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The Untold Truth Of Vikings: Valhalla

Before 2013, Vikings were broadly seen as a rowdy bunch of war-mongerers with horned helmets, cool boats and blonde braided beards ... or an NFL team (Skol!) That year, however, History launched a raid on our collective perception of these ancient warriors in the form of the series Vikings.

Loosely based on the life of real Viking king Ragnar Lothbrok, the show turned the Ancient Norse from half-remembered myths to real people. It didn't shy away from their more violent practices — the show more or less told the disturbing truth about the Vikings' blood eagle execution, for example — but it also showed them as very much human, with desires, fears, romantic entanglements, religious beliefs and doubts, and even a sense of humor.

"Vikings" was History's most successful show ever. When it was announced in January 2019 that the upcoming sixth season would the last, it took less than a year for Netflix to scoop up a sequel series. In November 2019, the streaming service ordered 24 episodes of "Vikings: Valhalla," which picks up the original show, but with a major time jump. Where does this take the story, is anyone we know coming back, and what even is Valhalla? Here's the untold truth of "Vikings: Valhalla," the afterlife for the show that breathed life into historical figures (and then brutally killed them).

Vikings: Valhalla is set 100 years in Vikings' future

Just when you thought you had a handle on all the various descendants, relatives and acquaintances of Ragnar Lothbrok, the story jumps more than 100 years into the future. According to a press packet provided by Netflix, "Vikings: Valhalla" begins in the year 1002, kicking off with a "particular historical event." That could be the Viking attack on London Bridge led by Olaf Haraldsson (Jóhannes Haukur Jóhannesson), as glimpsed in the trailer, but historically that event didn't take place until several years later (if it happened at all), so it's more likely it's seen a little later in the season.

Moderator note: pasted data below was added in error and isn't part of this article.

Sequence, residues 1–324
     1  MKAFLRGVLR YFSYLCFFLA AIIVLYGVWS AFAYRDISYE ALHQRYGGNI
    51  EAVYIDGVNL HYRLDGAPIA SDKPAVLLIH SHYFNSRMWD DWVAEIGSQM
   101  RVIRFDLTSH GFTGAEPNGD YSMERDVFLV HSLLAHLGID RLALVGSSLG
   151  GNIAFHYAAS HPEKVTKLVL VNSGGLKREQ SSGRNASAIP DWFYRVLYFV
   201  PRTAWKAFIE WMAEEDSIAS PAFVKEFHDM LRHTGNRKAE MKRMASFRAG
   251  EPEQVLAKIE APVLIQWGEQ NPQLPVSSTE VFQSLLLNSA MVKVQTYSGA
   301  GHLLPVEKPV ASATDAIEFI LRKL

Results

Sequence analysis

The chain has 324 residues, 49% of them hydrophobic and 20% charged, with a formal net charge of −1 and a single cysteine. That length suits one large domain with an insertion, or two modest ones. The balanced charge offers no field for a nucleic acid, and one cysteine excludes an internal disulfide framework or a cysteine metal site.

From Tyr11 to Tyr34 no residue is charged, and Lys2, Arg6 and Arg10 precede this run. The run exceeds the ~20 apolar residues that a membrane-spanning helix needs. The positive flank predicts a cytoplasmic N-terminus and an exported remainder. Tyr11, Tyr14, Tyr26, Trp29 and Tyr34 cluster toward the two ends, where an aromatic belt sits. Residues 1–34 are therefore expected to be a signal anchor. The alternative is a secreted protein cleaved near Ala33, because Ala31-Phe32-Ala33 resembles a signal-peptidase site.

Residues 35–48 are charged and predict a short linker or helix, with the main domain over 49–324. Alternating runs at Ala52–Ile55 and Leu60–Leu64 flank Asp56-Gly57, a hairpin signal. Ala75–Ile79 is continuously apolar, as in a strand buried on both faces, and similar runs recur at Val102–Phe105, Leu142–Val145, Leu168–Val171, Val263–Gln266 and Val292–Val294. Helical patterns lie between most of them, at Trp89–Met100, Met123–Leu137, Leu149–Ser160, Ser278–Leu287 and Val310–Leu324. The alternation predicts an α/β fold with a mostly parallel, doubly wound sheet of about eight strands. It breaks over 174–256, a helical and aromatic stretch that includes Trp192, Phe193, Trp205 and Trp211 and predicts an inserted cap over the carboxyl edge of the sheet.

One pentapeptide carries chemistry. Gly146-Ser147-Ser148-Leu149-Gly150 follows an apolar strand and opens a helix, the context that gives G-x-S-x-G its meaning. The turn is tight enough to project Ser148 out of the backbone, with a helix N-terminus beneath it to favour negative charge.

Another candidate which could kick off the series is the St. Brice's Day Massacre, which occurred on November 13, 1002, when King Aethelred II (Bosco Hogan) ordered the slaughter of all the Danish Vikings living in English territory, hoping to put an end to years of Viking raids. Instead, though, King Aethelred's actions provoked the Danish king Sweyn Forkbeard (Søren Pilmark) to increase the frequency and severity of his attacks, eventually forcing Aethelred and his queen, Emma of Normandy (Laura Berlin) into exile. Considering many of the main players in the St. Brice's Day Massacre are confirmed characters for the first season of "Vikings: Valhalla," it seems like a strong and dramatic contender to kick off the events of the series.

Whatever event marks the beginning of "Vikings: Valhalla," prepare to see a significantly more complex political landscape than the one we saw in "Vikings." In the Netflix press packet, showrunner Jeb Stuart explains what the world will look like by the time "Valhalla" begins: "The Vikings had been living in the British Isles and had settled into big areas called the Danelaw. The Danelaw had started to grow — not just with Danes, but also with Swedes, and Norwegians, and folks from all over Scandinavia. This had become a problem for the Saxon king, King Aethelred II of England. Saxon nobles were afraid that, if you went out another generation, suddenly there wouldn't be any difference between Saxons and Vikings."

Some things are changing behind the scenes of Valhalla, while others remain the same

The Vikings on "Vikings" spent most of their time engaged in power struggles, but there was only ever one man in control behind the camera. Vikings creator Michael Hirst wrote every single episode throughout all six seasons of "Vikings," so perhaps it's not surprising that he plans to be less involved in the sequel series. Hirst will still be an executive producer, alongside "Vikings" vets Morgan O'Sullivan and Jeb Stuart, the "Valhalla" showrunner whose most famous previous work is a little movie called "Die Hard."

Given the enormous time jump, we likely won't be seeing any of the familiar faces from "Vikings," unless they appear at some point as ghosts or visions. Fortunately, the same person who worked his casting magic for "Vikings" is back for "Valhalla"; Frank Moiselle acted as casting director for both shows, and has filled the new series with cast members who O'Sullivan says "bring a fresh, youthful energy to this story."